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GPUArrays Documentation

GPUArrays is an abstract interface for GPU computations. Think of it as the AbstractArray interface in Julia Base but for GPUs. It allows you to write generic julia code for all GPU platforms and implements common algorithms for the GPU. Like Julia Base, this includes BLAS wrapper, FFTs, maps, broadcasts and mapreduces. So when you inherit from GPUArrays and overload the interface correctly, you will get a lot of functionality for free. This will allow to have multiple GPUArray implementation for different purposes, while maximizing the ability to share code. Currently there are two packages implementing the interface namely CLArrays and CuArrays. As the name suggests, the first implements the interface using OpenCL and the latter uses CUDA.

The Abstract GPU interface

Different GPU computation frameworks like CUDA and OpenCL, have different names for accessing the same hardware functionality. E.g. how to launch a GPU Kernel, how to get the thread index and so forth. GPUArrays offers a unified abstract interface for these functions. This makes it possible to write generic code that can be run on all hardware. GPUArrays itself even contains a pure Julia implementation of this interface. The julia reference implementation is a great way to debug your GPU code, since it offers more informative errors and debugging information compared to the GPU backends - which mostly silently error or give cryptic errors (so far).

You can use the reference implementation by using the GPUArrays.JLArray type.

The functions that are currently part of the interface:

The low level dim + idx function, with a similar naming scheme as in CUDA:

# with * being either of x, y or z
blockidx_*(state), blockdim_*(state), threadidx_*(state), griddim_*(state)
# Known in OpenCL as:
get_group_id,      get_local_size,    get_local_id,       get_num_groups

Higher level functionality:

GPUArrays.gpu_callFunction.
gpu_call(kernel::Function, A::GPUArray, args::Tuple, configuration = length(A))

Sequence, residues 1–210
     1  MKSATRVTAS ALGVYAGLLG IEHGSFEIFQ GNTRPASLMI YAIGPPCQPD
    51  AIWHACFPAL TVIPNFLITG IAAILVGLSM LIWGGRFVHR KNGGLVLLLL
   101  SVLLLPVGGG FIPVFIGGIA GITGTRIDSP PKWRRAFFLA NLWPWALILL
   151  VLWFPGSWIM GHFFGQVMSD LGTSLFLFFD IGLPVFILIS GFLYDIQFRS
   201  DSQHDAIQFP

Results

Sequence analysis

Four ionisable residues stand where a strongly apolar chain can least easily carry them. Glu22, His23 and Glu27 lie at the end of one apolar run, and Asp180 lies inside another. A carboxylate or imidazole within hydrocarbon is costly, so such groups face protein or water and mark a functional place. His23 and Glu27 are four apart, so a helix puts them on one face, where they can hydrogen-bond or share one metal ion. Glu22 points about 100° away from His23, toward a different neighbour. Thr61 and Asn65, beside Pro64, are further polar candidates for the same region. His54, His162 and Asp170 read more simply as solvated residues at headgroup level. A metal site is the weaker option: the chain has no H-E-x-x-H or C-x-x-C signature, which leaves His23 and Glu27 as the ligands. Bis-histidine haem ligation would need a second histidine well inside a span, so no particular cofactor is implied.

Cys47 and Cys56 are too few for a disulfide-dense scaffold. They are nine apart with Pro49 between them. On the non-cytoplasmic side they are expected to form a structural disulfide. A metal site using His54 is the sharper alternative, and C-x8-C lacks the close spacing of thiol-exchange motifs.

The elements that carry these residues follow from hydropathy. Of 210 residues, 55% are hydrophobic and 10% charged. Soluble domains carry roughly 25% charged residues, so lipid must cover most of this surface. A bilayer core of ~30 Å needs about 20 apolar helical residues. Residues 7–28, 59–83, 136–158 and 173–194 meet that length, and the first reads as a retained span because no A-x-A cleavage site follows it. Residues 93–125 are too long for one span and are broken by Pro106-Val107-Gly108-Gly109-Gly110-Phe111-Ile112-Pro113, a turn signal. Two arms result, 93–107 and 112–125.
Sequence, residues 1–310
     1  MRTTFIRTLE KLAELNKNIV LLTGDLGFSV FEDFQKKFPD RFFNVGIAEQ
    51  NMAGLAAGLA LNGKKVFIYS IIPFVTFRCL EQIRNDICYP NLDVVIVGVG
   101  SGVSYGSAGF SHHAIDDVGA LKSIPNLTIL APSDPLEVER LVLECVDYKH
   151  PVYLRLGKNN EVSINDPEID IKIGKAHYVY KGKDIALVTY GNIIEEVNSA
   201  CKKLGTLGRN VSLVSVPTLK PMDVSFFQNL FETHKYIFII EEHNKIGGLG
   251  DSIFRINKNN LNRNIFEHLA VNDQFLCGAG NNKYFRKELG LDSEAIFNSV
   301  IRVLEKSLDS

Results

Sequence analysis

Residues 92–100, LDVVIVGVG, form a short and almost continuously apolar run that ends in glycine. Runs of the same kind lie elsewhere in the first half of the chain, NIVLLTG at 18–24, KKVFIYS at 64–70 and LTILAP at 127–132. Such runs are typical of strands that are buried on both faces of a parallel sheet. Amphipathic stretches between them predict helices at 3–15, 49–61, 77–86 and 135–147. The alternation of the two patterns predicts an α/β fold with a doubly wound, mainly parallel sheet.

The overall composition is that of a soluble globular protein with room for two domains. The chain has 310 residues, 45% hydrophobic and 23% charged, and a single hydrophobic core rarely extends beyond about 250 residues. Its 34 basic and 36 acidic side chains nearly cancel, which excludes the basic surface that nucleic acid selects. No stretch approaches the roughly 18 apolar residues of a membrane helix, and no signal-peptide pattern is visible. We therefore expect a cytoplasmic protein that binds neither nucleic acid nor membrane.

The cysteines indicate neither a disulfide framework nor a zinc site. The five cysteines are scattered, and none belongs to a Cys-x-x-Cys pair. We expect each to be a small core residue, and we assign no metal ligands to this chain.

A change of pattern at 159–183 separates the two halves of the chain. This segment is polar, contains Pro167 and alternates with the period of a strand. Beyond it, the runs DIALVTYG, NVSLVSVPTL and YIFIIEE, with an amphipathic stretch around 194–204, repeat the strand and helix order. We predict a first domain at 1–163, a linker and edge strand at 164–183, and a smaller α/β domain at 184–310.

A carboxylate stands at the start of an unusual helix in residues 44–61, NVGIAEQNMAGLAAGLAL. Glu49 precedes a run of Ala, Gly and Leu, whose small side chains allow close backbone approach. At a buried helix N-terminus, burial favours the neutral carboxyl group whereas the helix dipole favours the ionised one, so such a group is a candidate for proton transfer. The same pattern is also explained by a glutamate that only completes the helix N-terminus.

Calls function kernel on the GPU. A must be an GPUArray and will help to dispatch to the correct GPU backend and supplies queues and contexts. Calls the kernel function with kernel(state, args...), where state is dependant on the backend and can be used for getting an index into A with linear_index(state). Optionally, a launch configuration can be supplied in the following way:

1) A single integer, indicating how many work items (total number of threads) you want to launch.
    in this case `linear_index(state)` will be a number in the range `1:configuration`
2) Pass a tuple of integer tuples to define blocks and threads per blocks!
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linear_index(state)

linear index corresponding to each kernel launch (in OpenCL equal to getglobalid).

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global_size(state)

Global size == blockdim * griddim == total number of kernel execution

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linearidx(A, statesym = :state)

Macro form of linear_index, which calls return when out of bounds. So it can be used like this:

```julia
function kernel(state, A)
    idx = @linear_index A state
    # from here on it's save to index into A with idx
    @inbounds begin
        A[idx] = ...
    end
end
```
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cartesianidx(A, statesym = :state)

Like @linearidx(A, statesym = :state), but returns an N-dimensional NTuple{ndim(A), Int} as index

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 synchronize_threads(state)

in CUDA terms __synchronize in OpenCL terms: barrier(CLK_LOCAL_MEM_FENCE)

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GPUArrays.deviceMethod.
device(A::AbstractArray)

Gets the device associated to the Array A

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synchronize(A::AbstractArray)

Blocks until all operations are finished on A

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Creates a local static memory shared inside one block. Equivalent to __local of OpenCL or __shared__ (<variable>) of CUDA.

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The abstract TestSuite

Since all array packages inheriting from GPUArrays need to offer the same functionality and interface, it makes sense to test them in the same way. This is why GPUArrays contains a test suite which can be called with the array type you want to test.

You can run the test suite like this:

using GPUArrays, GPUArrays.TestSuite
TestSuite.run_tests(MyGPUArrayType)

If you don't want to run the whole suite, you can also run parts of it:

Typ = JLArray
GPUArrays.allowslow(false) # fail tests when slow indexing path into Array type is used.

TestSuite.run_gpuinterface(Typ) # interface functions like gpu_call, threadidx, etc
TestSuite.run_base(Typ) # basic functionality like launching a kernel on the GPU and Base operations
TestSuite.run_blas(Typ) # tests the blas interface
TestSuite.run_broadcasting(Typ) # tests the broadcasting implementation
TestSuite.run_construction(Typ) # tests all kinds of different ways of constructing the array
TestSuite.run_fft(Typ) # fft tests
TestSuite.run_linalg(Typ) # linalg function tests
TestSuite.run_mapreduce(Typ) # mapreduce sum, etc
TestSuite.run_indexing(Typ) # indexing tests